The analyses from the previous section strengthened our conception that a GGM inferred from blood serum metabolomics data represents true metabolite associations. To systematically assess how GGM edges and pathway proximity between our lipid metabolites are related, we generated a literature-based model of fatty acid biosynthesis (Figure 4A). This model includes reactions from the public databases BiGG (H. sapiens Recon 1) [7], the Edinburgh Human Metabolic Network [31] and KEGG PATHWAY [29]. We then mapped the partial correlation coefficients from the KORA data set onto the minimal number of reaction steps between each pair of metabolites (pathway distance). Since our metabolite panel contains fatty-acid based lipids, we project the respective lipid compositions onto the fatty acid biosynthesis pathway (Figure 4B-D). For the analysis of acyl-carnitines we implemented a model of the β-oxidation pathway, consisting of a linear chain of C2 degradation steps (C10→C8→C6 etc.).
Figure 4

Fatty acid biosynthesis model and pathway distance calculation method. A: De novo synthesis of fatty acids with initial SCD-dependent desaturations (left), and the ω-3 and ω-6 poly-unsaturated fatty acid pathways (middle and right). Note that we omitted the specific positions of each double-bond since the mass-spectrometry technique in our study does not resolve positional information. B: Exemplary distance calculation on two lyso-PCs. We projected lipid side chain compositions onto the respective fatty-acid biosynthesis reactions. Reaction reversibility is not taken into account in our calculation, i.e. distances are always symmetric. C: If no known pathway connection between two fatty acids exists, we assign a formal distance of infinity. D: For phospholipids that contain two fatty acid residues we need to take into account all combinatorial variants. We here show three variants for the connection between PC aa C38:4 and PC aa C38:5. In these examples, PC aa C38:4 could either consist of C18:0+C20:4 or C16:0+C22:4, while PC aa C38:5 could be C18:0+C20:5 or C16:0+C22:5. The shortest possible distance, one in this case, will be used for further calculations.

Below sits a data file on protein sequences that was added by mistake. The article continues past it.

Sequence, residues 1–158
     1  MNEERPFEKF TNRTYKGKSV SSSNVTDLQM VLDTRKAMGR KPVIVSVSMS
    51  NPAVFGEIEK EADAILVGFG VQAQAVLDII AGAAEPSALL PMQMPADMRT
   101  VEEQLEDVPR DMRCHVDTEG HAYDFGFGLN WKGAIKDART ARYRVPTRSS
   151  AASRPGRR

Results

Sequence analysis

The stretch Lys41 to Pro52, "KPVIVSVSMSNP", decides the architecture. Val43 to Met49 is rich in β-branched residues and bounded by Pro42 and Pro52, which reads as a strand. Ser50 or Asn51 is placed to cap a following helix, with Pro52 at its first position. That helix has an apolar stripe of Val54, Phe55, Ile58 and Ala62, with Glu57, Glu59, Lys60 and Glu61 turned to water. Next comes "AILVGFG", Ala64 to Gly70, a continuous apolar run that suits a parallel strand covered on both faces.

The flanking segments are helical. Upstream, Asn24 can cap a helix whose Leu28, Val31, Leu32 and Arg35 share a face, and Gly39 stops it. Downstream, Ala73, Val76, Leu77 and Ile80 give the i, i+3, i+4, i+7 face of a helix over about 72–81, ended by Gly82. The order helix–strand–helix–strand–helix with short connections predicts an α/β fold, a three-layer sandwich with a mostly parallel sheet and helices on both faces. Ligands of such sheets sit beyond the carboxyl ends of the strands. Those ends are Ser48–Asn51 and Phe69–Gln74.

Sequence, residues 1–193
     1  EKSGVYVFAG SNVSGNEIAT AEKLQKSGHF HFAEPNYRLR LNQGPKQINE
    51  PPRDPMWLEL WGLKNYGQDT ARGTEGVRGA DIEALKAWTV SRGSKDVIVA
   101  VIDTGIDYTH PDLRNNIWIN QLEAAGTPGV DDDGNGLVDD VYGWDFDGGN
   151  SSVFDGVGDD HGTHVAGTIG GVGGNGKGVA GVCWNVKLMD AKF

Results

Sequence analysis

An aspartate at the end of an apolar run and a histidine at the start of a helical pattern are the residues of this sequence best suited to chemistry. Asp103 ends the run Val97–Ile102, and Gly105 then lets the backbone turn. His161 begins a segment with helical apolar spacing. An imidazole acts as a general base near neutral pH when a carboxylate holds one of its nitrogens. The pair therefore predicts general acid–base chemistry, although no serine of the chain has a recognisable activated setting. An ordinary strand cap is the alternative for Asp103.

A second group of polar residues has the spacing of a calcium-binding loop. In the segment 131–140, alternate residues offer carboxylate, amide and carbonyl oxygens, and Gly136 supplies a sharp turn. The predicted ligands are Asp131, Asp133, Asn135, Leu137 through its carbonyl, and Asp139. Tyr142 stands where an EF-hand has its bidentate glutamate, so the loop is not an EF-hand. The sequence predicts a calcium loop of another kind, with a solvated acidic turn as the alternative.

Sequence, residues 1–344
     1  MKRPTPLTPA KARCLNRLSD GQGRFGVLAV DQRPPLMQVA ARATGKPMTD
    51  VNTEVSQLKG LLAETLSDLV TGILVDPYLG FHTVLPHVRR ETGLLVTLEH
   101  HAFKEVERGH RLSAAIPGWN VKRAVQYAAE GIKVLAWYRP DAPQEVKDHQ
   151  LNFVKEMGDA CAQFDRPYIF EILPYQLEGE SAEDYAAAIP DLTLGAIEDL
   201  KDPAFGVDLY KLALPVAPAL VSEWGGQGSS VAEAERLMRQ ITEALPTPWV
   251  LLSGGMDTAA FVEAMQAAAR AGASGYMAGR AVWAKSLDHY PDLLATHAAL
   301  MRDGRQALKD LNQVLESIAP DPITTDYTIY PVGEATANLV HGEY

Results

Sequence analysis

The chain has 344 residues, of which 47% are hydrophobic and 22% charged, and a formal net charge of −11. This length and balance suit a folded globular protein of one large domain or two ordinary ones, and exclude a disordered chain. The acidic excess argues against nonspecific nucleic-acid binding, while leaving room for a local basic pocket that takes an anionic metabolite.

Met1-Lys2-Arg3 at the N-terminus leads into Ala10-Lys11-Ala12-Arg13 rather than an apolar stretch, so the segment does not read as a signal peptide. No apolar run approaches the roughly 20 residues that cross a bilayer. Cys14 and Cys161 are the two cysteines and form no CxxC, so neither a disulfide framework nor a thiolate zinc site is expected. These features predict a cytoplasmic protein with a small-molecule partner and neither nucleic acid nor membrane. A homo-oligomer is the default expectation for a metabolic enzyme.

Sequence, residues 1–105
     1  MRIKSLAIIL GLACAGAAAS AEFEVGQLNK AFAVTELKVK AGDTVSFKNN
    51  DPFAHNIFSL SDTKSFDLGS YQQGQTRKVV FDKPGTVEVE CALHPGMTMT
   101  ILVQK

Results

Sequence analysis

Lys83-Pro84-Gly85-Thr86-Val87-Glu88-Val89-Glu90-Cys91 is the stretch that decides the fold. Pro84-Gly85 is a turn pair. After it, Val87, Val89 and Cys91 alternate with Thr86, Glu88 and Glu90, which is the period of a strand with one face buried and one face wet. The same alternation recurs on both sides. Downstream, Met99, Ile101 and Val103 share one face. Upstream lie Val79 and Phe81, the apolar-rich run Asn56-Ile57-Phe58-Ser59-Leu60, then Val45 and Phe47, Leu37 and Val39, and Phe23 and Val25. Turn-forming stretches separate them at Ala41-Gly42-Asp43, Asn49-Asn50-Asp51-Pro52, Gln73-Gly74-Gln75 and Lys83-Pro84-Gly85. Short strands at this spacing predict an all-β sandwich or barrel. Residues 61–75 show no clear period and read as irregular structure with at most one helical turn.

We observe a strong tendency towards significantly positive partial correlations for a pathway distance of one, i.e. directly connected metabolite pairs, for all five metabolite classes (Figure 5A). In total, 86 out of 130 partial correlations (66%) for a pathway distance of one are significantly positive. For instance, for the lyso-PC class (Figure 5A) nearly all partial correlation coefficients for a pathway distance of one are above significance level, whereas most values for a distance of two or larger remain insignificant. Some outliers from this observation, however, require closer inspection: First, for some metabolite classes we observe negative partial correlation values for metabolite pairs that are exactly two steps apart in the metabolic pathway: 10 of 73 partial correlations in the diacyl-PC class and 2 of 2 partial correlations in the sphingomyelin class are significantly negative for a distance of two. These negative values are effects of the coregulated metabolite triads described previously in this text. Second, we find 91 of 932 (~9:8%) unconnected metabolite pairs (pathway distance = ∞) with a partial correlation above significance level. These pairs represent potentially novel pathway predictions, missing interactions in the model or effects upstream of the metabolic network like enzyme coregulation.
Figure 5